A New Economy

At the conclusion of an insightful and thought-provoking review, Jon Piccini writes:
“If contemporary debates in Britain on the place of the empire in national memory are anything to go by, the accumulation of evidence for colonialism’s dark past – from mass violence in Kenya to concocted constitutional crises in Australia – only cements entrenched views, driving partisans and apologists to new heights of fantasy and self-soothing. Critics, then, cannot rely on history itself to change well-established patterns of thought, prejudice, and privilege. Only the hard slog of politics can do that.”[1]

Piccini’s review is of two new books about the correspondence between Sir John Kerr and Martin Charteris, the private secretary of Queen Elizabeth II, at the time of the dismissal of the Whitlam Labor Government in 1975.

This piece is not about these books, apart from in passing. Piccini notes that the two works he is reviewing approach the event from starkly contrasting perspectives and argues, convincingly, that almost everyone who reads the books will do so in order to have their points of view reinforced, rather than challenged, or subverted.

My questions arise from this ultimate paragraph and, in particular, the final two sentences.

Do these sentences have any bearing as we consider the great issues of our time: the effects of human activity upon our climate, both in punishment and remediation; the place of privacy and the individual in a world connected, through technology, beyond the control of most citizens; the nature of identity when gender and sexuality are suddenly not what we have been historically and erroneously told they are; our changing world – individual, communal and political – in the face of pandemics?

We know that, amongst other things, when we read literature, history and theology, where we stand determines what we see and what we do not see.[2] The illusion of objectivity has proved to be precisely that; we know that the dominant cultural group in any community usually has pre-eminence over the telling of history and the interpretation of events which occur. We are also aware that when less dominant groups seek to identify – and proclaim – their own stories, the dominant grouping often feels significant discomfort.

As an ordained Minister in the Protestant Christian tradition, and as an educated, middle-aged, Anglo-Celtic male, I am conscious that I am a member of what has traditionally been a dominant group in the life of the Church and, indeed, the community in the Global North.

My initial reading of any text (or, indeed, any event) will, almost reflexively, be courtesy of the lens through which I have been trained to look. How will I pay proper attention to those who were not educated in the way I have been? How will I attend, respectfully, to women, people of colour, people of other language, culture, sexuality and identity than my own?

How will my opinions be subverted, change and grow?

When we were taught at school that something is “historical”, it usually implied that there was consensus about an event, its causes and consequences. The intellectual and historical paucity of this argument is revealed in debates as diverse as the causes of the First World War, the arrival of Europeans in Australia, the Shoah, and the crucifixion of Jesus Christ.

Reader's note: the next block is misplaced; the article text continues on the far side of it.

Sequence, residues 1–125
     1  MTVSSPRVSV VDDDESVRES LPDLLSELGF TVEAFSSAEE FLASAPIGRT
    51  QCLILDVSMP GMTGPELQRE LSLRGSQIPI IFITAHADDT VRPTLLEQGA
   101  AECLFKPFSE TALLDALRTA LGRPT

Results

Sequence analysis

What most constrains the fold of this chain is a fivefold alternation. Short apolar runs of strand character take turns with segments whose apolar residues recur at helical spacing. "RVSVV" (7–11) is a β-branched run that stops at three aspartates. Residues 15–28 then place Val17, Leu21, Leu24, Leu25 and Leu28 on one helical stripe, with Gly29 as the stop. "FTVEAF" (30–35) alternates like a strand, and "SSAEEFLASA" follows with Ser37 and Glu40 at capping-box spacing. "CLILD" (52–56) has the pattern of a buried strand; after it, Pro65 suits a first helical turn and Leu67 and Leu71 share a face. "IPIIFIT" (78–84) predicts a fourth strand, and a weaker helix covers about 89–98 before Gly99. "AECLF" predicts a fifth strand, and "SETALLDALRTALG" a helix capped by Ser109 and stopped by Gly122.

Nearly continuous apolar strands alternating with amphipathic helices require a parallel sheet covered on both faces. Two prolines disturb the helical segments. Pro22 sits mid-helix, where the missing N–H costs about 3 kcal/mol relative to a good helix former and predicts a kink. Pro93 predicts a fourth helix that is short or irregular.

Many of my culture and background, as inheritors of the Enlightenment, believe that reason will, finally, win out. Is this still true? There is clear evidence that, for a significant part of our community, anecdote and personal experience are at least as valid as historical events.

Moreover, if, just for a moment, we substitute “science” for “history” in the review’s penultimate sentence, we wade into even deeper difficulty. Those who argue for the objective nature of peer-reviewed results and evidence, for statistical precision, have experienced a difficult decade or two, as the decline of trust in institutions has leeched into the faculties of the sciences. Many leading scientists have said they were poorly equipped to respond to such a transformation.

Even worse, the debates have become polarised, with polemic in many forms taking the place of reasoned, passionate debate. This is not about education, although that does play a role. This is about demonising those who think differently, believing that a difference of opinion is worthy of – even demands – condemnation. Watching the political and social chaos in the United Kingdom and the United States in the response to the COVID 19 pandemic is evidence enough that even a crisis common to humanity does not guarantee an appropriate response.

Piccini argues that intent, political intent, is necessary. We must decide to engage, then to create and to drive change.   

Critics, then, cannot rely on history itself to change well-established patterns of thought, prejudice, and privilege. Only the hard slog of politics can do that.

So, what does this mean for the witness of those who follow Christ? We know, despite our pious protestations, that the Church is always influenced – for good and, for ill – by the community in which it worships, witnesses and serves.

Much of traditional apologetics in the Church argues from the historical event of Jesus’ existence, and thus his birth, death and the wonderful improbability of his resurrection.

If Piccini is correct, an argument on its own is insufficient. To present from the scriptural text, and to argue from history will not be enough.

What, then, are the politics of God’s economy?

We must tell the stories of what faith means – to me, to us. We need to engage in the consequences of our discipleship and talk about them; not the great worship team of which we are a part, but the simple faith-in-action which has changed lives, or discovered hopes, or salved wounds.

We need to be able to seek forgiveness from people when they have been told that because of who they are, they have no welcome in the hope of God for the world. People throughout history have been condemned because of wounds they carry, or the lives they lead, or because of their gender, culture, race, sexuality or position in the world to which they have been assigned, to believe that they have no place in the promise of God.

We also need to be able to offer forgiveness, and to mean it. Some will come, so broken by their circumstance, or their choice, that they believe themselves beyond the reach of mercy, even God’s mercy. We must embody the hospitality of God.